And these two kinds of Knowledge, so important and so beneficial, are common to mankind in general; they are not peculiar to the great, the wealthy, or the learned: the vulgar, the poor, and the illiterate, have their share, and partake of the same divine instructions.
It is well observed by Mr. Knight, that of all our desires, perhaps the desire of Knowledge is that of which the gratifications are the most pure and unmixed, as well the most permanent, and which being, at the same time, the most difficult to cloy or satiate, affords the most certain and ample means of durable and solid happiness.
The science of the philosopher, by giving him a more extensive view of things, makes him sensible of his own insignificance in the scale of being; and whilst it enlarges his understanding, it narrows his pretensions and humbles his pride: for, whatever may be said of the pride of science, it is always meek and humble, compared with the pride of ignorance.
Knowledge! thou fair effusive ray
Free, gen'rous, and refin’d,
And bless my lab'ring mind.
Those mimic shades of thee,
The monk's philosophy.
Olet thy powerful charm impart
Devoted to thy sway!
Where reason points the way. Give me to learn each secret cause; Let numbers, figures, motion's laws,
Reveal'd before me stand;
Disclose her working hand.
Through ev'ry maze pursue ;
And all their changes view.
In all her treasures drest;
That range beyond control,
And strain to grasp the whole ?
And equal steps be trod,
In the divine abyss;
And light the way to bliss.
And social nature's ties;
The plan, the genius of each state,
Its fortunes and its rise.
And means and motives weigh;
And fix the doubtful sway.
Propitious pow'r! impart;
The master of my heart.
And all in life that's mean :
Through ev'ry varying scene.
Sweet refuge of distress;
Prosperity its grace.
Of arts inventress thou !
Their joys how mean, how few!
On fortune's faithless sea :
And sit in peace with thee. Montaigne, in his Essays, has the following beautiful
passage on the characteristics of true wisdom :“ The most manifest sign of wisdom is a continual cheerfulness ; her estate is like that of things in the regions above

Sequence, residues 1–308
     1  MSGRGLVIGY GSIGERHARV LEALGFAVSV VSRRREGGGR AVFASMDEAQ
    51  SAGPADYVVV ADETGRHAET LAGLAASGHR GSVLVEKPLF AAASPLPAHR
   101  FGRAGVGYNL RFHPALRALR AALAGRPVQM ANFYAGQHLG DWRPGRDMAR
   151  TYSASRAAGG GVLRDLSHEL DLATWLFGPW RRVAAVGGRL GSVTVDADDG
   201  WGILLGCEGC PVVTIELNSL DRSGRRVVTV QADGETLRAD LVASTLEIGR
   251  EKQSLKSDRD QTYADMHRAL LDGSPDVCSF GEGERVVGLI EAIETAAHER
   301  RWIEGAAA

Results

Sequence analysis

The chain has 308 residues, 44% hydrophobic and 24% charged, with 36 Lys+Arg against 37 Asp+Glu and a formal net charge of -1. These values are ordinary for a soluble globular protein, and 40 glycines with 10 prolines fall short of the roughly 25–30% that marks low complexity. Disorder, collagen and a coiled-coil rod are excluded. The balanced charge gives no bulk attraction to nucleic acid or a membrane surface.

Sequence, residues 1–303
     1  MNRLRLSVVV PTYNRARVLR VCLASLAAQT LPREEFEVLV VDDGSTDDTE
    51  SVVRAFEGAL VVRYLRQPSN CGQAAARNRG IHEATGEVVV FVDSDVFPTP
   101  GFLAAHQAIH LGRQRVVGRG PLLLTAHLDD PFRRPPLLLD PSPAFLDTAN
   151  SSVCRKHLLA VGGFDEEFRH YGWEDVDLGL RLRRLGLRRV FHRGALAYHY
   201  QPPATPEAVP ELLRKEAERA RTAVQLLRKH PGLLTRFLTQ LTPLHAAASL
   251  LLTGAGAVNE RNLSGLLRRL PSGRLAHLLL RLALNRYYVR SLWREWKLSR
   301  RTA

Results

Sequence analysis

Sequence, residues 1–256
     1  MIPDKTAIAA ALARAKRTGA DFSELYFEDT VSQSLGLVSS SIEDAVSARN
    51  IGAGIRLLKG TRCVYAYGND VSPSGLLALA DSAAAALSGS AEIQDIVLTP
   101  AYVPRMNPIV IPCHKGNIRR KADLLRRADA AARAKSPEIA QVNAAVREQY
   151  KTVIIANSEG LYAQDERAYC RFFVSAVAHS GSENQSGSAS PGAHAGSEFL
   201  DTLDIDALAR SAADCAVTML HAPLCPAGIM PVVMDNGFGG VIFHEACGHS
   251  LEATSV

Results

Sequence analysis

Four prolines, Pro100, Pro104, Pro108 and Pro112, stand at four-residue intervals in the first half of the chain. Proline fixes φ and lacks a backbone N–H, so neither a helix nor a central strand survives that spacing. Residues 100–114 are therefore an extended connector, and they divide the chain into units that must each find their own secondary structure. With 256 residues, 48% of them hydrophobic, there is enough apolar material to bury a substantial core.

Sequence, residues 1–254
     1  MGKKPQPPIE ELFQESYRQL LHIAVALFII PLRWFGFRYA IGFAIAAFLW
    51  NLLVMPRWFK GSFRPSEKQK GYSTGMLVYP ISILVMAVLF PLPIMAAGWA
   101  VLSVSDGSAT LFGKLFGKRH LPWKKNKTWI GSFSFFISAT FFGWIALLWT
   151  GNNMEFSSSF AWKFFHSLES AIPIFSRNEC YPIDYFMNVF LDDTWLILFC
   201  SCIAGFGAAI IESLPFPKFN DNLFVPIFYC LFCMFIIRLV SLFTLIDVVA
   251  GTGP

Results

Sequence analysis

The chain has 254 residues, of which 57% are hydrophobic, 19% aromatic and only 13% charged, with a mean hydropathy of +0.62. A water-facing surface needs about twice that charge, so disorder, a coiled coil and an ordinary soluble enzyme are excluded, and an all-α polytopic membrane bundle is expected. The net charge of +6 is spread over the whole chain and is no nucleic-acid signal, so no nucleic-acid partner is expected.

the moon, always clear and serene. 'Tis Baraco and Baralipton that render their disciples so dirty and ill-favour'a, and not she; they do not so much as know her, but by hearsay. 'Tis she that calms and appeases the storms and tempests of the soul, and who teaches famines and fevers to laugh and sing; and that, not by certain imaginary epicycles, but by natural and manifest reasons. She has virtue for her end; which is not, as the schoolmen say, situate upon the summit of a perpendicular rock, and an inaccessible precipice. Such as have approach'd her, find it, quite contrary, to be seated in a fair, fruitful, and flourishing plain, from whence she easily discovers all things subjected to her; to which place any one may however arrive, if he know but the easiest and the nearest way thro' shady, green, and sweetly-flourishing walks and avenues, by a pleasant, easy, and smooth descent, like that of the cælestial arches. 'Tis for not having frequented this supreme, this beautiful, triumphant, and amiable, this equally delicious and courageous virtue, this so profess'd and implacable enemy to anxiety, sorrow, fear, and constraint, who, having nature for her guide, has fortune and pleasure for her companions, that they have gone according to their own weak imagination, and created this ridiculous, this sorrowful, querulous, despiteful, threatening, terrible image of it to themselves and others, and plac'd it upon a solitary rock, amongst thorns and brambles, and made of it a hobgoblin to fright people from daring to approach it. But the governour that I would have, that is, such a one as knows it to be his duty to possess pupil with as much or more affection than reverence to virtue, will be able to inform him, that the poets have evermore accommodated themselves to the publick humour, and make him sensible, that the gods have planted more toil and sweat in the avenues of the cabinets of Venus than those of Minerva, which, when he shall once find him begin to apprehend, and shall represent to him a Bradamanta, or an Angelica, for a mistress, a natural, active, generous, and not a mankind, but a manly beauty, in comparison of a soft, delicate, artificial, simp'ring, and affected form; the one disguis'd in the habit of an heroick youth, with her beautiful face set out in a glittering helmet, the other trick'd up in curls and ribbons like a wanton minx; he will then look upon his own affection as brave and masculine, when he shall choose quite contrary to that effeminate shepherd of Phrygia. Such a tutor will make a pupil to digest this new doctrine, that the height and value of true virtue consists in the facility, utility, and pleasure of its exercise; so far from difficulty, that boys, as well as men, and the innocent as well as the subtle, may make it their own; and it is by order and good conduct, and not by force, that it is to be acquir’d. Socrates, her first